Having them all in one place with a curated summary of their words of wisdom makes this an incredibly accessible entry point to this world. And since we all resonate with different people this lets us find out more from those we connect with.
This is the first film I’ve bought in about five years. As someone who doesn’t part easily with his cash, that should tell you everything. And I’d already seen it more than once. And I’m hoping for a sequel.
Were there any things that could have been improved?
There are so many paths to financial independence that it would be impossible to represent them all. The producers had to follow one path – a middle-class well-educated family with good jobs. That affords the Rieckens’ the ability to have a high savings rate if they control their spending – and significantly reduce their time to financial independence. These circumstances may not be relatable for everyone, but hopefully, everyone can relate to the positive impact that having control of your money can bring.
I loved the fact that the film focuses on the journey. One of my frustrations with FI at times is the focus on the ‘magical’ moment when you can ‘retire’. For our family, the focus is on getting the journey right. That might mean taking sub-optimal FI decisions at certain points. Like our decision to take a career break to spend more time with our four young kids. Our last year is not movie material – but it’s also brought plenty of change!
Scott and Taylor made some huge changes in their lives in pursuit of financial independence. To most ‘normal’ people, this level of change would feel overwhelming and unachievable. But financial independence can also be achieved one small step at a time. And I’ve had to point this out to a couple of friends who have watched. As above, it would be impossible to showcase every avenue to financial independence.
Mrs Chaos would have loved to have seen the loop closed for Taylor on why the journey in this first year was worth it. Taylor is still working and not able to spend the time with her daughter that drove her to give up her idyllic lifestyle. But it could be that the promise of having full autonomy over her time before her daughter is a teenager is all the reward that’s required.
As for other improvements, Taylor’s kissing. Though if Scott ever comes at me with his flamenco hips and shoulders, the best he can expect would be my worst kiss ever as well… (you need to watch to the end).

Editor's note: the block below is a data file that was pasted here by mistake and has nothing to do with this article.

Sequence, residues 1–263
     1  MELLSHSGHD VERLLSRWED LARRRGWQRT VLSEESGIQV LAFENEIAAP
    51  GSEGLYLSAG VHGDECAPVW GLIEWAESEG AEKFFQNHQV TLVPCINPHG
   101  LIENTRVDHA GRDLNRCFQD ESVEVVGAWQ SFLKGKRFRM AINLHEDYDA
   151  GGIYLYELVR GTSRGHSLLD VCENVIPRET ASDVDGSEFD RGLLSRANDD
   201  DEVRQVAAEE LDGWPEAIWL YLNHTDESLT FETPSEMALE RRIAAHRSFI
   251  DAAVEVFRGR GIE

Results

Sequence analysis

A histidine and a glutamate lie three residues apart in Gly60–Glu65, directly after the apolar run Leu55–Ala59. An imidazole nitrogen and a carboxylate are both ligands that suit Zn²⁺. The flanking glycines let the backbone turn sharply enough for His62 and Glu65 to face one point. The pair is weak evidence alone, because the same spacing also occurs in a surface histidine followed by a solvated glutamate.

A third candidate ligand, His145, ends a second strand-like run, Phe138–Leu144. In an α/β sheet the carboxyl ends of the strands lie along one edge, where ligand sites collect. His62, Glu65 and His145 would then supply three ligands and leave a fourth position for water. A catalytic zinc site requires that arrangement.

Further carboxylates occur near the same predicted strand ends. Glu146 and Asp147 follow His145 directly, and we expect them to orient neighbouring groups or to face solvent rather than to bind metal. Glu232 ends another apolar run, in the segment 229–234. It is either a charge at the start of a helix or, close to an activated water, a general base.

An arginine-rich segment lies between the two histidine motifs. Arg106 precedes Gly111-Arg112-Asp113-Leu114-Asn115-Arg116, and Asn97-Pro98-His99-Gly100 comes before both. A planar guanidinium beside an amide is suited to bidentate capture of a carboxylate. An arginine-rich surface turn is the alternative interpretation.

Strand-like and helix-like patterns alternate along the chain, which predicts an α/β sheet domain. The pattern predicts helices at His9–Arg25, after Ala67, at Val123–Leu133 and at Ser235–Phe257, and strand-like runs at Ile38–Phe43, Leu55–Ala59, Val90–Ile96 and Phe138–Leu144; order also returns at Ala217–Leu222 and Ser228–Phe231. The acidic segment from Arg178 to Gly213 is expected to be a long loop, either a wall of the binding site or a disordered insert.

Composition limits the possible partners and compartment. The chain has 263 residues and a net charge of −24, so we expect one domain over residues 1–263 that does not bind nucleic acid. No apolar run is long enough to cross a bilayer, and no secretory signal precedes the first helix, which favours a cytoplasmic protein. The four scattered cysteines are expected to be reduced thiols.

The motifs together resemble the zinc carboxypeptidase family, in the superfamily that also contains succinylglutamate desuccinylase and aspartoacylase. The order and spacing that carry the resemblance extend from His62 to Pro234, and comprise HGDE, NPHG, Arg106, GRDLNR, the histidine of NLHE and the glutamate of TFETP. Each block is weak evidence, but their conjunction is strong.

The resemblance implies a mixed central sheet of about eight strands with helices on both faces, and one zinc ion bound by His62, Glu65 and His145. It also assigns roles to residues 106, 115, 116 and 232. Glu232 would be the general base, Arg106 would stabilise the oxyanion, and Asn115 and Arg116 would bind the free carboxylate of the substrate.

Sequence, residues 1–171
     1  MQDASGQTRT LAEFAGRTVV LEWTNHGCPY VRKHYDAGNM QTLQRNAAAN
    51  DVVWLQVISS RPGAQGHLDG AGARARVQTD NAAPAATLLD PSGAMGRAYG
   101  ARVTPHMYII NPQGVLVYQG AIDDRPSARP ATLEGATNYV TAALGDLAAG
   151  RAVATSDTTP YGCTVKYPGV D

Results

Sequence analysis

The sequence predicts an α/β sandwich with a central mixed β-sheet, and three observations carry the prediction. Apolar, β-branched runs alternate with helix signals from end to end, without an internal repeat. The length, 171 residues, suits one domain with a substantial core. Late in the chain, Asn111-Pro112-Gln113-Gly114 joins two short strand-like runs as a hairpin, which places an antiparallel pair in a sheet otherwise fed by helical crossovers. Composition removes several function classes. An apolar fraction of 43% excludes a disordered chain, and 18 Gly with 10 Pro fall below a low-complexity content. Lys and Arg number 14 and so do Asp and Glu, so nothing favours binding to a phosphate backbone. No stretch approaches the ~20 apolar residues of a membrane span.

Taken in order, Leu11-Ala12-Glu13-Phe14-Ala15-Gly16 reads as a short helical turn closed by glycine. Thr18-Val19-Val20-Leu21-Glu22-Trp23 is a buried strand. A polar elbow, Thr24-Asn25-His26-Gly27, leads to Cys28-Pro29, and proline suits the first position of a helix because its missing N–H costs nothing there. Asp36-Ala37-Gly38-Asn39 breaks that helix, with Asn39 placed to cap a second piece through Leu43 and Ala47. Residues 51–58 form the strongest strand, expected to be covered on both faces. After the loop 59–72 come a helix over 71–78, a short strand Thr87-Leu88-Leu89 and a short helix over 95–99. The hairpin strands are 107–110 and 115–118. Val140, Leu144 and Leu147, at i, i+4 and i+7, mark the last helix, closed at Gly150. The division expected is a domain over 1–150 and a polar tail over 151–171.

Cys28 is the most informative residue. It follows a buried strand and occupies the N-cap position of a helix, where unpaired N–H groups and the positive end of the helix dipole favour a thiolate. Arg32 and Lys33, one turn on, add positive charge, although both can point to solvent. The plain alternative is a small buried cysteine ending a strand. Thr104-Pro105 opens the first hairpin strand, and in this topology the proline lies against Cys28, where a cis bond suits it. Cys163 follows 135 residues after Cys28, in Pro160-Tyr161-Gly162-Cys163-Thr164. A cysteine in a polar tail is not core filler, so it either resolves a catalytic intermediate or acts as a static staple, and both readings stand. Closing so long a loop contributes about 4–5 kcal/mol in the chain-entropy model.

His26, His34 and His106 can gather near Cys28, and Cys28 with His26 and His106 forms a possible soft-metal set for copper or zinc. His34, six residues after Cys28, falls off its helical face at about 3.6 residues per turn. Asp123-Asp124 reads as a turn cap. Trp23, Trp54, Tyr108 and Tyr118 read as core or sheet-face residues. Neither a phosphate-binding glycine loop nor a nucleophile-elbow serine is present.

What are some takeaways from the documentary?
The secrets of FI are accessible to anyone with third-grade math skills. They’re simple. But they are most definitely NOT easy.
But the documentary highlights that this is no quick fix. You need to step back from the day to day challenges of life, identify what is really important to you, and ruthlessly cut your spending elsewhere. It means living counter-culturally. It might sound easy, but the documentary helps you to see the inner pressure you feel when you make changes that none of your friends are making. And these changes are not like new year’s resolutions that you can drop after two or three weeks. You need to love the changes and automate them as that’s the only way to consistently stick to them for years.
It’s a lot more fun to be rich than look rich
One of the criticisms of the FI movement is the perception that you have to eat beans and rice and live in a cardboard box. The documentary highlights that you do have to make changes, but that you can still spend freely on the things that you get value from.
Figure out what is important to you and spend lavishly on these things…. but cut back ruthlessly on the things that don’t matter to you
There are a number of experts on the film that have retired early. There was a good reminder in the documentary that these people are not idle:
You start thinking about giving back… to use your skills to give back to the world
How amazing to have a group of people trying to make the world a better place – without worrying about whether the salary will cover their bills.
How to watch the documentary?
The movie is now on general release and you can get hold of it at one of the following links: